BackpackGearTest
  Home Guest - Not logged in 

Reviews > Cook Gear > Stoves > AntiGravityGear Pepsi Can Stove > Owner Review by Shawn Wakefield

AntiGravityGear Alcohol Stove (Pepsi-style)
Owner Review by Shawn Wakefield
March 5, 2009

Reviewer Information

Name: Shawn Wakefield
Age: 39
Gender: Male
Height: 6 ft 0 in (1.83 m)
Weight: 165 lb (75 kg)
Email: shawn@wakefieldsoft.com
City, State, Country: Tishomingo, Oklahoma, United States
Date: March 5, 2009

Backpacking Background: I started camping and backpacking about 25 years ago as a teenager in the Boy Scouts. I have more recently gotten very interested in backpacking again, and I really enjoy going lightweight now. My wife and I take frequent backpacking trips together, and our kids (all under 13) go occasionally. We like to hike in Texas, Oklahoma, and Arkansas for short trips, but enjoy Wyoming and Colorado for longer trips.

Product Information
Stove and optional primer tray
Stove and optional primer tray

Manufacturer: AntiGravityGear
Year of Manufacture: 2008
URL: http://www.antigravitygear.com
Listed weight: 0.4 oz (11 g)
Weight as delivered: 0.35 oz (10 g)
Height: 1.65 in (42 mm)
Width: 2.56 in (65 mm)
MSRP: $12.00 USD
Material: Aluminum
Color: Silver (some of soda can printing may still be visible)

Product Description

The stove comes by itself when ordered individually. If ordered as part of a kit, some optional accessories may be included. The basic shape looks like the bottom 1/3 of a soda pop can.

The stove is an alcohol stove, designed to burn denatured alcohol. The stove has no moving parts, and is composed of 2 pieces that have been fitted and sealed together with epoxy and silver heat tape. The center of the stove is open on the top, and this is where up to 1 oz (30 ml) of denatured alcohol is poured into the stove before lighting. On the outside of the stove, around the middle, are a series of pin sized holes Ė 24 in all. As the fuel warms and begins to vaporize, the side holes become jets where the burning fuel forms a ring around the stove.

Field Use

I have carried the stove on many trips over the last 9 months. It has been on multi-night backpacking trips, as well Boy Scout camping trips Ė since I am an adult leader (Scoutmaster). It has been used in light rain, under sunny skies, during the day, and at night. Since most of the trips were in the central United States, elevations were all less than 3000 ft (914 m) during my use of the stove.
View of side jets
View of side jets

The stove is simple, so it works the same and works well every time. I typically need to boil 2 cups of water at a time. I first fill my 0.9 L (0.95 qt) pot with 2 cups (0.47 L) of water and cover it with the lid. Next, I set the stove on the optional primer tray (0.3 oz / 8 g). I put a few drops of fuel in the primer tray around the base of the stove, then I pour 1 oz (30 ml) of fuel into the middle of the stove. Next, light the stove and the primer tray. It takes about 20 seconds for the stove to get hot enough to vaporize the fuel and for the jets to light around the outside of the stove. Once the outside jets have ignited, I place the pot of water directly centered over the stove. Since the pot rests on the stove top, no pot holder or other support is necessary.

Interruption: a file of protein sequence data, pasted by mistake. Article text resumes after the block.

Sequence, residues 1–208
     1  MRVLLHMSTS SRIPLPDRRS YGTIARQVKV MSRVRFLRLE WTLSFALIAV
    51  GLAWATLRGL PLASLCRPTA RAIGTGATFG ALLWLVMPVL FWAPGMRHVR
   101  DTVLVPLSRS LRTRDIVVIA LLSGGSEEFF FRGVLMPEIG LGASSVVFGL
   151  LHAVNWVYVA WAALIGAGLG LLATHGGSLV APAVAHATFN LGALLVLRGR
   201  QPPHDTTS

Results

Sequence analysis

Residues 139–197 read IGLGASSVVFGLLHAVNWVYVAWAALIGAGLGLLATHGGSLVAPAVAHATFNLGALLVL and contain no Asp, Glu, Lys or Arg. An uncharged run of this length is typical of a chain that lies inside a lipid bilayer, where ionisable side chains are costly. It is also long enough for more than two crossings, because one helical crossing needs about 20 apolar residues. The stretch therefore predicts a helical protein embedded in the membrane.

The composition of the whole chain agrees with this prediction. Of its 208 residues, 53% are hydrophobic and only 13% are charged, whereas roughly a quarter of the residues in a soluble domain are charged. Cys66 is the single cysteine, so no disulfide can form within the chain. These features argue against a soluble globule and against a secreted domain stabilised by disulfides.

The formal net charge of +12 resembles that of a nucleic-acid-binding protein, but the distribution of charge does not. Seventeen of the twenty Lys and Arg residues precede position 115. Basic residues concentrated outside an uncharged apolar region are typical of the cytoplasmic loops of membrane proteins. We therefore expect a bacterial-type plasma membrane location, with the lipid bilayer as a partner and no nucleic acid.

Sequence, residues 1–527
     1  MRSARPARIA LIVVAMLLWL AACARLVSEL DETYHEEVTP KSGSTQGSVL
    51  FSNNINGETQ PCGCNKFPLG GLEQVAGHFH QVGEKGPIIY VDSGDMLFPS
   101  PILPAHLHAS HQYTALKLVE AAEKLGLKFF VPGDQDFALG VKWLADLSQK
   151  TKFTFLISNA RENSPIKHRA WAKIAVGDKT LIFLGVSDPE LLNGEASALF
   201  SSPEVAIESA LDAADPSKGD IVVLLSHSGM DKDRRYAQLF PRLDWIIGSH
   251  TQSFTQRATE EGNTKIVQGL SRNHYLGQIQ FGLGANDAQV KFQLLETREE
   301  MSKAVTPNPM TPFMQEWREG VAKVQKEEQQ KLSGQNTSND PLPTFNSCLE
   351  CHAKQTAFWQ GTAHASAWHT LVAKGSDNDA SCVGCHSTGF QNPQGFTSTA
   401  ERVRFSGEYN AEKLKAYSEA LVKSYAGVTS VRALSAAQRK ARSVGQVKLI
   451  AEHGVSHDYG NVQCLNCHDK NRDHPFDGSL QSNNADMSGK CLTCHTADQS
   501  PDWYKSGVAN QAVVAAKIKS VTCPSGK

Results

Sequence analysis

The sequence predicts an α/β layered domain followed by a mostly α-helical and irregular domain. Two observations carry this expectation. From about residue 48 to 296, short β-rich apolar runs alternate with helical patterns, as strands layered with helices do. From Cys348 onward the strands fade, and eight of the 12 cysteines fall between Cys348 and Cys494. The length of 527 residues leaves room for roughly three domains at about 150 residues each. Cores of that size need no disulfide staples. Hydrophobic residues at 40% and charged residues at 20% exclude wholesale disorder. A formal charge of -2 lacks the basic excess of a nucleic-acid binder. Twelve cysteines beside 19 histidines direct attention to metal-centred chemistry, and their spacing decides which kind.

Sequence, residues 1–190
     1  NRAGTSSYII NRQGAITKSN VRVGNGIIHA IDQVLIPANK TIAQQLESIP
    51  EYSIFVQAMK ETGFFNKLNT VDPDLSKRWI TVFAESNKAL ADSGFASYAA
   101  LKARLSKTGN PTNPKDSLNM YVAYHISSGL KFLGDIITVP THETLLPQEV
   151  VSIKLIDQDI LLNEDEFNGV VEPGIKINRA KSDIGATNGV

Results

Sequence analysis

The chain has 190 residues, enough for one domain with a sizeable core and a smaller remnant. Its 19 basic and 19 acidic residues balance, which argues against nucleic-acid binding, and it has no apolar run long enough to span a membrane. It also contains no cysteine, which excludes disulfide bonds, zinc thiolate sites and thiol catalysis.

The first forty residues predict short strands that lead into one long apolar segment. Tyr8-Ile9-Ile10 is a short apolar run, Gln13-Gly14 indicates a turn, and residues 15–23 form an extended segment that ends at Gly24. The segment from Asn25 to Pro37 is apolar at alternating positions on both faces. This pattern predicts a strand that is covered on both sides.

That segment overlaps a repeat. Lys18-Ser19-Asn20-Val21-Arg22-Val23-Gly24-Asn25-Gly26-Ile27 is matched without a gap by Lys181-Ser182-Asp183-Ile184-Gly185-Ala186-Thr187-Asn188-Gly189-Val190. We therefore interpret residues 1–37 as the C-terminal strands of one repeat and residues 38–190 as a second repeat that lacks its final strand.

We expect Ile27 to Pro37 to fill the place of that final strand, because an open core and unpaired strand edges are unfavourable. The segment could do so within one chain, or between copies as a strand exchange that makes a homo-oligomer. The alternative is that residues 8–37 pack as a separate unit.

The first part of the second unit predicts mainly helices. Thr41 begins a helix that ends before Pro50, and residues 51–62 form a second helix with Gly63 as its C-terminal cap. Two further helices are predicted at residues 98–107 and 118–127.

On a warm day, with temperatures around 60 F (16 C), it takes about 5 minutes to boil 2 cups (0.47 L) of water with the 1 oz (30 ml) of fuel. Obviously on warmer or cooler days, or with very cold water, these burn times would change slightly.

I always boil water in my cook pot, and then mix meals in a Ziploc bag, so I donít need to simmer or cook on low heat. This stove is on or off; there is no adjustment for the flame level or heat output.

The only real issue that I found was related to stability. If the cook pot is very large, then I have to be careful to balance it carefully on top of the center of the stove. It would not take much of a nudge to dump the pot off onto the ground.

The primer tray is not necessary, but gives the stove some stability. Also, having a few drops of fuel in the primer tray, helps the stoveís side jets to ignite more quickly. As with any stove, a windscreen will improve the efficiency and help the stove to perform better.

Since the stove is constructed of 2 nested soda cans, durability is quite good. I carry my stove in a small plastic container that came in the Stove Set from AntigravityGear. This protects the stove, and fits nicely into my cook pot.

Often, the simplest solution is the best, and I think that is certainly the case with this lightweight stove from AntiGravityGear.

Things I like:
1. Lightweight
2. Low cost
3. Compact

Things I don't like:
1. Stability not great with a large pot
2. Canít simmer or slow cook (might be an issue for some)

Summary

The alcohol stove from AntiGravityGear is a lightweight stove that burns denatured alcohol. It is easy to setup and use, and it does not have any moving parts to break or wear out. I could not ask for anything more to heat water.

- Shawn Wakefield
 


Read more reviews of AntiGravityGear gear
Read more gear reviews by Shawn Wakefield

Reviews > Cook Gear > Stoves > AntiGravityGear Pepsi Can Stove > Owner Review by Shawn Wakefield



Product tested and reviewed in each Formal Test Report has been provided free of charge by the manufacturer to BackpackGearTest.org. Upon completion of the Test Series the writer is permitted to keep the product. Owner Reviews are based on product owned by the reviewer personally unless otherwise noted.

If you are an avid backpacker, we are always looking for enthusiastic, quality reviewers. Apply here to be a gear tester.


All material on this site is the exclusive property of BackpackGearTest.org.
BackpackGearTest software copyright David Anderson